Representatives from specialty retail, large corporations, small brands, and big box sporting goods stores all offered differing perspectives on snow industry consolidation during the third day of the TransWorld SNOW Industry Summit.

Over the course of the afternoon, a standing room only crowd listened to the four short keynote addresses from The Sports Authority Senior VP of Winter Sports, Golf, and Racquet Art Hagen; K2 Inc.’s President and COO Wayne Merck; President and Founder of Board Retailers Association and Owner of Surf City Surf Shop Roy Turner; and Owner of Strategic Distribution Todd Crisman.

In his address Hagen gave his perspective on whether bigger was really better. “Mergers typically affect management and the higher-ups of companies are the ones who end up loosing jobs,” he says. “That used to really bother me until I realized that acquisitions do save the blue-collar jobs of the struggling companies.”

When discussing how consolidation has hurt the snow industry, Hagen expressed frustration with a lack of excitement both in retail and manufacturing. “Equipment seems to be flat and stagnant—there just aren’t any new products to get excited about,” he says.

Hagen suggests the industry as a whole needs to focus on catering to the youth, lower its pricing, and anticipate the new baby boom in order for snowsports to stay healthy. Specifically on the snowboarding side, Hagen believes that the sport needs to stay American. “As more and more things move offshore, you need to keep the control and engineering here in the U.S,” he encourages.

Following Hagen’s speech, Wayne Merck of K2 Inc stepped up to the podium. Merck first noted that its important to understand that K2 Inc is an almost one-billion dollar public company with K2 Sports operating as a company within it. The distinction is key when looking K2 Inc as a whole.

Twenty-eight brands exist across the five distinct platforms: Rawlings covers team sports; Shakespeare caters to the fishing enthusiast; Stearns is geared to the marine/outdoor crowd; K2 Sports produces both winter and summer goods; and Brass Eagle is devoted to paint-ball. Winter sports makes up roughly 25 percent of K2 Inc’s business operating out of its Vashon Island, Washington headquarters.

According to Merck, the sheer size of the company has allowed it to put a U.S. merchandising group in place in 31 markets. The merchandising group will provide year-round in-store support for multi-sport retailers.

Merck believes the snow industry as a whole needs to beat competition from other arenas like video games and the intranet. “We need to make it more fun to be out on the snow.” he says. “Innovation is key, and I applaud all of the small innovators out there.”

After a short break, Board Retailers Association President and Founder Roy Turner took the stage exclaiming: “Specialty Retailers Rule!” After coaxing the audience to say cheer the phrase out loud a couple of times, Turner suggested that every manufacturer take a specialty retailer out to lunch once a week. “These are the people who are on that floor talking to the consumers every day. They know all of your fit problems—everything. You can find more out about your company in one hour than you’ll research all year,” he says.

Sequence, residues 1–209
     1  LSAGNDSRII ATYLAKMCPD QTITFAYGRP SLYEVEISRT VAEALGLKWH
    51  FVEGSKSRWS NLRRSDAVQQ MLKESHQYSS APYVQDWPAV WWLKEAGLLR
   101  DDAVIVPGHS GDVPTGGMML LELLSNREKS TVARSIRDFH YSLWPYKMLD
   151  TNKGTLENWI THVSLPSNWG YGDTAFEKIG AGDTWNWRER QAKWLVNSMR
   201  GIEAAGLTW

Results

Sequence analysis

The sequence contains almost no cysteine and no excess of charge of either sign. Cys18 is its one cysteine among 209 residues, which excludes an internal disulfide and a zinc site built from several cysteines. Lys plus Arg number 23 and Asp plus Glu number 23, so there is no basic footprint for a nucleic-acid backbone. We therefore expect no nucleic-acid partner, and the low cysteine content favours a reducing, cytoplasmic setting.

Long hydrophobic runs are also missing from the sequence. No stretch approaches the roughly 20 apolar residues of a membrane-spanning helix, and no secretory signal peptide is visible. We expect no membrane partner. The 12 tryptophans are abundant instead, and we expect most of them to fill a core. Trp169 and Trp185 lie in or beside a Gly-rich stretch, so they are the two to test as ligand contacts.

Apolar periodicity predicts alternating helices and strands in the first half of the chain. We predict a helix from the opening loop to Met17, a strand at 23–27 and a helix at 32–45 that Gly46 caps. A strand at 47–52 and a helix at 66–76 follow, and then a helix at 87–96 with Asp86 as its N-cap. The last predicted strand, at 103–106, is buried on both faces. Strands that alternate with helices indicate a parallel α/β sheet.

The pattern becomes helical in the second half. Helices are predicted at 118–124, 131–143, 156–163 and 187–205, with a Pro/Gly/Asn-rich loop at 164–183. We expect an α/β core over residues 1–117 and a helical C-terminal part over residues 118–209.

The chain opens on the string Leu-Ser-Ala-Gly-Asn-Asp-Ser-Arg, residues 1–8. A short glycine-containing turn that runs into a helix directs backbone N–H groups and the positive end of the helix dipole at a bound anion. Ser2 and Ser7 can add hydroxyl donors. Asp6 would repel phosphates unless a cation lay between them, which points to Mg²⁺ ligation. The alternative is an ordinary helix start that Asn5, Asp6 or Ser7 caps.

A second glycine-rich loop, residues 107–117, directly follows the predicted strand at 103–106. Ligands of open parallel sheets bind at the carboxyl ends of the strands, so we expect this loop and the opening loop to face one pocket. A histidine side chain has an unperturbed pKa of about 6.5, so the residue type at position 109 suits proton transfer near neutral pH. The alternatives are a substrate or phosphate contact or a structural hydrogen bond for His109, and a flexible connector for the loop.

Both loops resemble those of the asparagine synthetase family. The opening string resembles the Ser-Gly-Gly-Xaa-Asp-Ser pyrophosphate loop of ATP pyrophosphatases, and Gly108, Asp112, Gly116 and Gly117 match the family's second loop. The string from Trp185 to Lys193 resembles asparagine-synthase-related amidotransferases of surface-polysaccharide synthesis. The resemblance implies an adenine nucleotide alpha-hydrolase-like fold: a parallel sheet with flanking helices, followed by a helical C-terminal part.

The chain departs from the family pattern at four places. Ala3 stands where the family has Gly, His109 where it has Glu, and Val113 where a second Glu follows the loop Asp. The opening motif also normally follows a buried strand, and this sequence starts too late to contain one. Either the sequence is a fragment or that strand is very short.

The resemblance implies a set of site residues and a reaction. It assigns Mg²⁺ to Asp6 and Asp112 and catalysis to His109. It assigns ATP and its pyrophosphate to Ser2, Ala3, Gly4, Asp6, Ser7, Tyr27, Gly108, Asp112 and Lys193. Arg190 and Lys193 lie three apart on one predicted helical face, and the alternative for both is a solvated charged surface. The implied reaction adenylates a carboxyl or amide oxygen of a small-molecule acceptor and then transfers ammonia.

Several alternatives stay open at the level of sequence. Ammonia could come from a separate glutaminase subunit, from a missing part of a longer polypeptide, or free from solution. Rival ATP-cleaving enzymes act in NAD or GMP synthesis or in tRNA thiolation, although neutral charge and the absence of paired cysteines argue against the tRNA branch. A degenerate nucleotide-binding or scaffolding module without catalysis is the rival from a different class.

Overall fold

Turner paints an exciting, optimistic, and heathy picture of the existing specialty retailer. “Fourty-four percent of this market is made-up of specialty shops—that 2,314 single stores,” says Turner. “The big guys are consolidating, specialty is growing—together. Specialty retailers look to consolidation of voice.”

Specialty retail is in a state of focused evolution according to Turner: “We continue to push fringe ideas, product development, and to cultivate new experiences for our ever-growing and emerging audience.”

When Turner had left the podium, Todd Crisman owner of Strategic Distribution followed saying with a laugh: “I’m honored to be up here, but man I wish I wasn’t following Royy.”

Crisman offered a small-independent brand perspective on the wave of consolidation that has been hitting the industry over the years. “I’m not pro-independent, anti huge corporation,” he says. “The reason I am in this business is because I’m passionate about it. The ultimate reward for me comes not from the money, but from seeing kids out on the hill wearing my products.

“I look at it as a means to an end. If the bills are being paid and my family is being taken care of—then I’m okay,” he says.

Bringing the audience back to Turner’s speech, Crisman focused on the relationship between small brands and specialty retail. “Small brands like mine provide retailers an undying support to the lifeblood of snowboarding,” he says. “For us, its much more than a commodity—its life.”

The TransWorld SNOW Industry Summit had gathered more than 300 executives from snowboard and ski manufacturers, retailers, and resorts to discuss issues facing the group. Produced by TransWorld SNOWboarding, with partners Mountain Sports Media and SIA, the SNOW Industry Summit was held April 1 to April 4, 2004.